Getting lost in the great Indian Football tussle

Indian football fans are going through a predicament. On one side they have a stubborn football federation that has, for the lack of a better word, sold its soul (a.k.a marketing and broadcasting rights) to a private party partnership known as the FSDL (Football Sports Development Ltd), co-owned by Reliance, IMG and Star Sports, and is therefore now a pawn for the big corporates.

On the other side is a movement fast gathering pace against this apparently biased federation and its private owners, headed by I-League teams such as former champions Minerva Punjab, and Manipur’s lifeline NEROCA FC.

What’s so difficult about choosing sides, you might ask? Surely one has to fight the corporates and ensure football belongs to the mass. Problem is that it’s not so rosy on the other side either. FSDL’s new league, the Indian Super League (ISL), paved the way for more opportunities in the sport. The facilities became better, the salaries higher and generally everything got more “professional”.

Add to that the numerous problems associated with the I-League clubs championing the save Indian football campaign. Minerva Punjab, for example, has come in the news for allegedly not paying its footballers and altering their age to participate in tournaments. Not to forget its polarising owner Ranjit Bajaj – a former Roadie who certainly doesn’t know how to mince his words.

The football fans in the country are now caught in a classic Devil vs the Dead Sea conundrum – who do we side with when both seem awfully corrupt?

A brief history of the feud

As far as the mismanagement of the sport goes, there is no specific timeline (forever?) but it is fair to say the recent controversies had its origin on December 22nd evening when I-League teams received an email from the All India Football Federation.

The Hero I-League, the country’s top-flight football league, were recently informed that STAR SPORTS – exclusive broadcasters of the Hero I-League, would broadcast a select 30 matches including the final three last round matches LIVE & EXCLUSIVE on Star Sports 3 for the second half of the league beginning December 29.This would take the number of games of the ongoing 12th edition to be broadcast live to 80 out of a total of 110 games. The games to be broadcast live from December 29, are given in the table below. Four more games are to be added to the schedule at a later date — AIFF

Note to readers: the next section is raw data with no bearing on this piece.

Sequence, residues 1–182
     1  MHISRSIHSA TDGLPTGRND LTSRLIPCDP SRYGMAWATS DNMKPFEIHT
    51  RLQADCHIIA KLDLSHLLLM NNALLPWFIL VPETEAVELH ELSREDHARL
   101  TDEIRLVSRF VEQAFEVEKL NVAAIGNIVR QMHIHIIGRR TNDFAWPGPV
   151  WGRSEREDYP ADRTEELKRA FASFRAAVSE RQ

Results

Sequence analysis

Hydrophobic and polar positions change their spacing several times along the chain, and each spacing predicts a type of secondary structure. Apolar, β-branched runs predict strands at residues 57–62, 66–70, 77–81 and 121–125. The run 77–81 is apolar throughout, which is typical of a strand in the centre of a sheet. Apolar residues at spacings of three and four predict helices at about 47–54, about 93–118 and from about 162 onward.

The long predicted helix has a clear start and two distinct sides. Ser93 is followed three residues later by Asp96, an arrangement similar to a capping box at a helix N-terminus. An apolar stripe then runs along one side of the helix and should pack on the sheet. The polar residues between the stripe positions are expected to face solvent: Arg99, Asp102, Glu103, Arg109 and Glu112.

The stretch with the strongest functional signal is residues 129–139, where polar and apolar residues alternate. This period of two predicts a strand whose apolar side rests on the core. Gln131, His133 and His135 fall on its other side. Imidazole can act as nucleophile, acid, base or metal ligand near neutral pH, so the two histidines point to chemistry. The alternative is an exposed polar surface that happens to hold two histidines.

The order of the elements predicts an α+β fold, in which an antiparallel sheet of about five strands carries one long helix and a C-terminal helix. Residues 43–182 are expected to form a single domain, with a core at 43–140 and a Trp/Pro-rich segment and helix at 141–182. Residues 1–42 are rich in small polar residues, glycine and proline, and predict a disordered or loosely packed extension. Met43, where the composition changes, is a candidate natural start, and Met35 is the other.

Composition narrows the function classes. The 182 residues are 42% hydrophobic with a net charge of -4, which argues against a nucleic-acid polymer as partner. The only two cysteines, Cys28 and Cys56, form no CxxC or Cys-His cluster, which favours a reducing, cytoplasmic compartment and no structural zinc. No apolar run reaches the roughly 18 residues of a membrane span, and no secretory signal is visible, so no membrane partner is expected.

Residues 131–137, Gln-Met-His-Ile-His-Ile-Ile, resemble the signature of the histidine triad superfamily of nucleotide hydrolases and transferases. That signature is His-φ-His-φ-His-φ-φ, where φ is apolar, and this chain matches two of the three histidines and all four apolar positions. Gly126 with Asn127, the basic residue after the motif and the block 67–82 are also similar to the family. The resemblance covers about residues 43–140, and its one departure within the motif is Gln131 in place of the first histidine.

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The email from AIFF to the clubs

The I-League clubs were shocked that their broadcaster had decided to cut short their coverage mid-way through what had promised to be another exciting season. Not so surprisingly, Kolkata clubs were the least affected, while Minerva was the worst hit. The conspiracy theorists had their reasons to suspect revenge. The Punjab club had expressed their displeasure in the Facebook-live type coverage of their match against Chennai City in December. Was this Star Sports not-so-subtly reminding them who owns football in the country?

But the decision couldn’t have simply stemmed out of a Twitter rant. Minerva’s tweets probably acted as a catalyst but this intent was clear – can’t let I-League outperform ISL. You can’t blame Star Sports, can you? They spent millions to kick-start a league. They even got the federation to schedule I-League at odd hours to reduce the eyeballs. Yet, the league kept growing on.